Betty Patu, our longtime school board director in Southeast Seattle, will resign her position at the end of the month, but the timing of her announcement has cast doubt on the integrity of the entire process.
Patu announced her resignation at the May 15 school board meeting, which wouldn’t be remarkable except that if the announcement had come three days earlier, her replacement would have been elected by voters.
As it is, the school board will take applications from the public, and the board will have the final say in appointing Patu’s replacement.
Betty Patu has been our school board director in District 7 — my home district — for 10 years now. She is known as a champion for students by some, and understood by others to have overseen the perpetuation of the status quo in a district that desperately needed deeper and more pointed advocacy.
In the end, she’s a bit of both, as is true with most things. And if it’s time for her to move on, then our community is ready for a breath of fresh air.
Regardless, her record is not particularly the issue here. Her 10 years on the board gave her plenty of time to become familiar with the system. She defeated a qualified candidate in Chelsea Byers in the 2017 election, but now resigns more than two years ahead of schedule, three days after a critical deadline, because… it’s “time for someone new to come in.” That’s been her only explanation.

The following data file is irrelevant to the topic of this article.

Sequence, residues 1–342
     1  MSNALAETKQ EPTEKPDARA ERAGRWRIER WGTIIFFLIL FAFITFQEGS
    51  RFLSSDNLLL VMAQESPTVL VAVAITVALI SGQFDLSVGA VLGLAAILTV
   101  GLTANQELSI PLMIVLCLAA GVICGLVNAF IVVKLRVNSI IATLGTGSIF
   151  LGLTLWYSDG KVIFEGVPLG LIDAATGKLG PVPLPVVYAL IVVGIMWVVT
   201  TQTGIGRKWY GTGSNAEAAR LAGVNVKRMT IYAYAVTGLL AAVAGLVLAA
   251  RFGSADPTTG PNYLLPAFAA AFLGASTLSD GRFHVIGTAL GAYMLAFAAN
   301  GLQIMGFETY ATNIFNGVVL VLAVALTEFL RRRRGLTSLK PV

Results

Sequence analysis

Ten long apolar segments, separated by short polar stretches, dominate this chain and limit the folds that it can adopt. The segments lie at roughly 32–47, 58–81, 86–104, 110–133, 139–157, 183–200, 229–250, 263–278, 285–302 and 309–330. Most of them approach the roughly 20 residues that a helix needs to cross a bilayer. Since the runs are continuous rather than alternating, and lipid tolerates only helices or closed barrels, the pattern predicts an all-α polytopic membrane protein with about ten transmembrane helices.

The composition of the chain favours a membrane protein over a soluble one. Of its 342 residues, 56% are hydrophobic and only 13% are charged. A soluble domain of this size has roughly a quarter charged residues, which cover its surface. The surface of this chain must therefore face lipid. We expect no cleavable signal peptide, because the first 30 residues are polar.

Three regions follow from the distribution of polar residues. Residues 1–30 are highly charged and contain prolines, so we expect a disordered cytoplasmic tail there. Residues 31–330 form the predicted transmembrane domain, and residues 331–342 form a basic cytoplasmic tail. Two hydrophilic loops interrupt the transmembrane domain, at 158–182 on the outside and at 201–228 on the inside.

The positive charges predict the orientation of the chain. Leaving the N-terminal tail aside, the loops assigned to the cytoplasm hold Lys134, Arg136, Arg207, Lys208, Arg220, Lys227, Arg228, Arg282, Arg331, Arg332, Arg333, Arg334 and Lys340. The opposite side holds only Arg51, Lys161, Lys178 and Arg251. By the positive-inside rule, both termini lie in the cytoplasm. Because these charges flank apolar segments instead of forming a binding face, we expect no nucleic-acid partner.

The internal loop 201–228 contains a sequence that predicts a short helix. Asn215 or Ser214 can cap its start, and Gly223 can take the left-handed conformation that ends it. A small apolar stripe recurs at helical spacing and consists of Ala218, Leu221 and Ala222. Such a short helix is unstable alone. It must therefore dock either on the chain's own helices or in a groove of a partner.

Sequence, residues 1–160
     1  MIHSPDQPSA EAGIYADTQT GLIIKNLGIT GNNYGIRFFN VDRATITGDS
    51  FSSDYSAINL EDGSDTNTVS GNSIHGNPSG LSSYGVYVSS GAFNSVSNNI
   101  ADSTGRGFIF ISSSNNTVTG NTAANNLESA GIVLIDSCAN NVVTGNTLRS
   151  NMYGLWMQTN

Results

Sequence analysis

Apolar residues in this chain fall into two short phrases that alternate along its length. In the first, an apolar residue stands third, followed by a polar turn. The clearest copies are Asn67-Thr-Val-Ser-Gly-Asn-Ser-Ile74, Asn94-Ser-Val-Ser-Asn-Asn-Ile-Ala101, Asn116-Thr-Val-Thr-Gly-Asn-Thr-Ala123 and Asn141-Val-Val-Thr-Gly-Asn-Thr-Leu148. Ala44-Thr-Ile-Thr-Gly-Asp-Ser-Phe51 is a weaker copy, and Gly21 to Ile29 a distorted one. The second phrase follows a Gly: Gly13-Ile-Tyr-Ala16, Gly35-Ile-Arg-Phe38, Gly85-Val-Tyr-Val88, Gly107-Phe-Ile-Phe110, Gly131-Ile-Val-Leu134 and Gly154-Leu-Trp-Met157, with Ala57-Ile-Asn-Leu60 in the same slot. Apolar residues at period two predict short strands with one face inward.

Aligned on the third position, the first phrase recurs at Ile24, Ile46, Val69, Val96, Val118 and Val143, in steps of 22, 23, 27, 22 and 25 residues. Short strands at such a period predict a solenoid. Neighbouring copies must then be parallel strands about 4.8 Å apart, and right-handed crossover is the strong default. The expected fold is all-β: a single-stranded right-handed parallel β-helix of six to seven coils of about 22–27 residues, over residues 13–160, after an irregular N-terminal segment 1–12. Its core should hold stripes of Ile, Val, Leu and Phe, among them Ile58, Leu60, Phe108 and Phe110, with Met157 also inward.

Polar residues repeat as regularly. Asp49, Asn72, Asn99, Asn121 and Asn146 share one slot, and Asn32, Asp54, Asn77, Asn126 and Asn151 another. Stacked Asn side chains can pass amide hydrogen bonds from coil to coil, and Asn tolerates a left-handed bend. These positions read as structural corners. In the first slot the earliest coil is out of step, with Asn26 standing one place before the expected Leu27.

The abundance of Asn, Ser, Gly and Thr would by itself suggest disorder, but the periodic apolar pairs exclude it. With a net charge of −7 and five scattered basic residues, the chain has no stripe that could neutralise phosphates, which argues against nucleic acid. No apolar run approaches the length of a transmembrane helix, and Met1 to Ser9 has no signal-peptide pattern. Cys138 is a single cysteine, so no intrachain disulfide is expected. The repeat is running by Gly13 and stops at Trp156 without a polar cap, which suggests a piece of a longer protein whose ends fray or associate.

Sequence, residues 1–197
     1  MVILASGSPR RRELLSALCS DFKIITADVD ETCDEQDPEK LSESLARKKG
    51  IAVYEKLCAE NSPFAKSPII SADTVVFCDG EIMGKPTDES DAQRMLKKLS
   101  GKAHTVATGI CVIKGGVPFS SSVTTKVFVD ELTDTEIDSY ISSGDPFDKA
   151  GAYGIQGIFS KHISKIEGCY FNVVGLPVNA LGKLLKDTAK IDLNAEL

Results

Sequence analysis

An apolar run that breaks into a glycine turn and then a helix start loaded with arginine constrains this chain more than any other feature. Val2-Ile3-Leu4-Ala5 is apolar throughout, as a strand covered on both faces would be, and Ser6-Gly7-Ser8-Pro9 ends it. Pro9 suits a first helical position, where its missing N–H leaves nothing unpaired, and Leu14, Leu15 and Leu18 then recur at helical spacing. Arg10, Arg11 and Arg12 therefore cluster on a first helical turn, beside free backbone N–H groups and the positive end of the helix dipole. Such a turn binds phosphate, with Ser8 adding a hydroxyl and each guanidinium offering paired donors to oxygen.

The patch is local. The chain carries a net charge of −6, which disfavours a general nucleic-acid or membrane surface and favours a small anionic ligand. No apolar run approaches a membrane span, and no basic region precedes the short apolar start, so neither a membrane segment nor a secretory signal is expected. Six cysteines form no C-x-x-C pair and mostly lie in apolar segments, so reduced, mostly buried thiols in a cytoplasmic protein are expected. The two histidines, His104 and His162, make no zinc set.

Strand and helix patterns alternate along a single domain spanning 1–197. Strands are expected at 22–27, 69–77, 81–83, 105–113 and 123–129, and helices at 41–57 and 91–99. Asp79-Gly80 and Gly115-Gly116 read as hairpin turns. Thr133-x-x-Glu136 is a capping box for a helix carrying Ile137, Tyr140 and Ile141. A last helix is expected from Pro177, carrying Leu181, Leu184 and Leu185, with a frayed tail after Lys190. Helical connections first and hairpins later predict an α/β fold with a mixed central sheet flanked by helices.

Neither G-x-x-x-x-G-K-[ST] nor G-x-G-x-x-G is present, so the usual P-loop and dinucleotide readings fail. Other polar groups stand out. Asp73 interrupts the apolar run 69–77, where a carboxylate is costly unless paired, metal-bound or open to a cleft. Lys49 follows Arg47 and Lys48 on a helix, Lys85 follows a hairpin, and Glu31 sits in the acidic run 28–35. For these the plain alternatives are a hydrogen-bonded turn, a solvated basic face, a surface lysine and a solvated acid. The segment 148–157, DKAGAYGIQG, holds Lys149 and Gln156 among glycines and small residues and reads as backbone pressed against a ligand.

We elected the current school board to do its job, but we did not elect them intending that they choose their successors as well.
On the one hand, it’s important to me to know whether I was intentionally kept out of the voting process, or if it was because of the continued incompetence of the board itself. Perhaps another possibility exists that I'm not considering. But on the other hand, the outcome is the same. It’s bad for our community, bad for our students, and murky at best as to what’s really happening and why.
I’ve asked Director Harris and Director Burke to shed some light on the subject, especially since they specifically declined to comment on questions about whether or not they knew about or discussed the deadline with Patu. We’ll see. Regardless, this is another disappointing, oddly suspicious turn of events on a Seattle School Board that has not exactly earned our trust.
What we need, as always, is a true champion for equity. Someone who knows what’s at stake and takes on the job of school board director without political ambition.
Local hero Erin Okuno, executive director of the Southeast Seattle Education Coalition (SESEC), has been spearheading an effort to advocate for a transparent and inclusive process to replace Patu — and for insurance that the board’s decision reflects the expressed needs and interests of the District 7 community.
Okuno drafted and sent this letter to Director Harris last month, along with the signatures of a variety of community leaders. I’ll keep digging and discussing. Let me know if you see something I’ve missed.